High Court rules for the freedom of our Press
A ruling in Belfast High Court appears to have some fairly wide – and positive – implications for media freedom in Northern Ireland.
Mr Justice Gillen refused an attempt by a convicted robber to ban a newspaper from reporting on his alleged activities. His robust ruling has, hopefully, copper-fastened the boundaries under which investigative journalists can operate in the province.
There are some caveats to that statement, not least as it was an interim application, but the bottom line would appear to be that the courts have sent a strong signal that only in the rarest circumstances they will interfere with a journalist's freedom to publish.
But first, the background to Brendan Conway v Sunday Newspapers Ltd.
The court heard Mr Conway, a convicted robber who is suing the Sunday World for libel, has been at the centre of a series of articles in that paper in recent months, including claims that:
- He was a Real IRA boss who headed up a so-called 'tiger' kidnapping operation
- He was responsible for the murder of an alleged drug dealer, Kevin Kearney, in Belfast
- And that he is also a Special Branch agent who supplied bugged cars to other dissident republicans.
Mr Conway acknowledged he was jailed for his role in a 2008 robbery. Mr Conway also acknowledged that he is a republican of some stature and has been part of a protest against prison conditions endured by Colin Duffy and other high-profile republicans.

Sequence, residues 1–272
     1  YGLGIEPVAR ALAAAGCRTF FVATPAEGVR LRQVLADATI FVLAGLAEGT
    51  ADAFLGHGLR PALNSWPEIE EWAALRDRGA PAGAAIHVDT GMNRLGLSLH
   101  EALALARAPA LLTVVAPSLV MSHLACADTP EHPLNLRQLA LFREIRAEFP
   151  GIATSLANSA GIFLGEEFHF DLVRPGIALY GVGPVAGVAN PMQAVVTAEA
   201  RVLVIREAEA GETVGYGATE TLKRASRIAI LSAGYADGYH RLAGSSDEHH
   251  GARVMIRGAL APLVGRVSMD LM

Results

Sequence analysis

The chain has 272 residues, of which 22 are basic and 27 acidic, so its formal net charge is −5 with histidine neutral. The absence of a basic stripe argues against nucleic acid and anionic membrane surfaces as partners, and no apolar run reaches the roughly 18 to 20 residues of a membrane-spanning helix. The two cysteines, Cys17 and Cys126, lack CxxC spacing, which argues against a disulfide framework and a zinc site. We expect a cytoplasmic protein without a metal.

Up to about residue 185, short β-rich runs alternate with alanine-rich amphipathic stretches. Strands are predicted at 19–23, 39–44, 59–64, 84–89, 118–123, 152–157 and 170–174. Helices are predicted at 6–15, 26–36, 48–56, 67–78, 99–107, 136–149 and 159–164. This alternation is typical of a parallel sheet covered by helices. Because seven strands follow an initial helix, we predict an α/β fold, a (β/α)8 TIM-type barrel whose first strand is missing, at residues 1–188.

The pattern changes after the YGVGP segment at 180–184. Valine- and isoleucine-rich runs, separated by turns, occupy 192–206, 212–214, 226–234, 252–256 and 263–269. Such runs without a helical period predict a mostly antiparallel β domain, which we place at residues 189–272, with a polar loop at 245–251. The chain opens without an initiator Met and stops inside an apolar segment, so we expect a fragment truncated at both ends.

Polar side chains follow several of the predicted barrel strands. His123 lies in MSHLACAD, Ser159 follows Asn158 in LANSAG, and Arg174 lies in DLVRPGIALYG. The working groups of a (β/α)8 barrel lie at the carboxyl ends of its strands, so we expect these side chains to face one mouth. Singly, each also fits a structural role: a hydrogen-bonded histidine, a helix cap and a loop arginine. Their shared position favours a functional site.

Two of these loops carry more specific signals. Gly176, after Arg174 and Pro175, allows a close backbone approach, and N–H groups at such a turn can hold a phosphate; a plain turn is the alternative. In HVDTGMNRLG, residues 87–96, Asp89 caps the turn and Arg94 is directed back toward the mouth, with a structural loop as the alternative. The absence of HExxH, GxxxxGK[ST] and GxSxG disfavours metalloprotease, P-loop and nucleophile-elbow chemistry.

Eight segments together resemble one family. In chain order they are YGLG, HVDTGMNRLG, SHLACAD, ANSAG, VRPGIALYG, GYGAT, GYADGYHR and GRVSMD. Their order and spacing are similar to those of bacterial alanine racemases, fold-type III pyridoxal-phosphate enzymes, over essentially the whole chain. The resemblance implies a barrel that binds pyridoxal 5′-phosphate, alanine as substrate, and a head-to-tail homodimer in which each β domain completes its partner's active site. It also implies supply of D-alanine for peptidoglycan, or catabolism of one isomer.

However, he argues that the further allegations against him are untrue and amount to a campaign of public vilification and harassment, which also place a "real and imminent risk" on his life contrary to Article 2 of the European Human Rights Act and which had led directly to threats against him.
The plaintiff's lawyers applied to the High Court for an interim injunction banning further coverage about Mr Conway. The Sunday World was supported in its defence against the claim by the Belfast Telegraph, BBC and UTV.
This newspaper lent its support as it believed that this was an important case, and any such injunction would put grave impediments in the way of investigative reporting.
It is of prime importance that – unless in absolutely exceptional cases – newspapers and broadcasters are permitted to publish freely. True, they have to be held responsible for what they publish and if they get it wrong, will pay dearly for their errors.
There are plenty of punishing remedies available to litigants via the courts, (too many locally, in my opinion) if and when someone is defamed.
Mr Justice Gillen refused to grant the interim injunction and his judgment came firmly down on the side of protecting bona fide investigations, acknowledging that "it is in the public interest that investigative journalism should not be impeded where it is publishing legitimate information concerning serious criminal activity".
He affirmed the principle that courts cannot grant interim injunctions in libel matters unless "exceptionally" the court is satisfied that a defence of justification – which the Sunday World outlined – is one that cannot succeed.
He also rejected the claims of harassment, privacy/misuse of private information and also malicious falsehood in relation to the tiger kidnapping claim.
Greater damage would be inflicted on the public interest and the right of the Press to freedom of expression than to the plaintiff, he ruled, noting a large amount of information about Mr Conway was already in the public domain.
Assuming Mr Gillen's position is not diluted by other judgments, his ruling is in my opinion a welcome development in a province which lacks fit-for-purpose defamation laws and has previously been rather more liberal, proportionately speaking, with other forms of injunctions – and indeed even so-called super-injunctions – than the rest of the UK.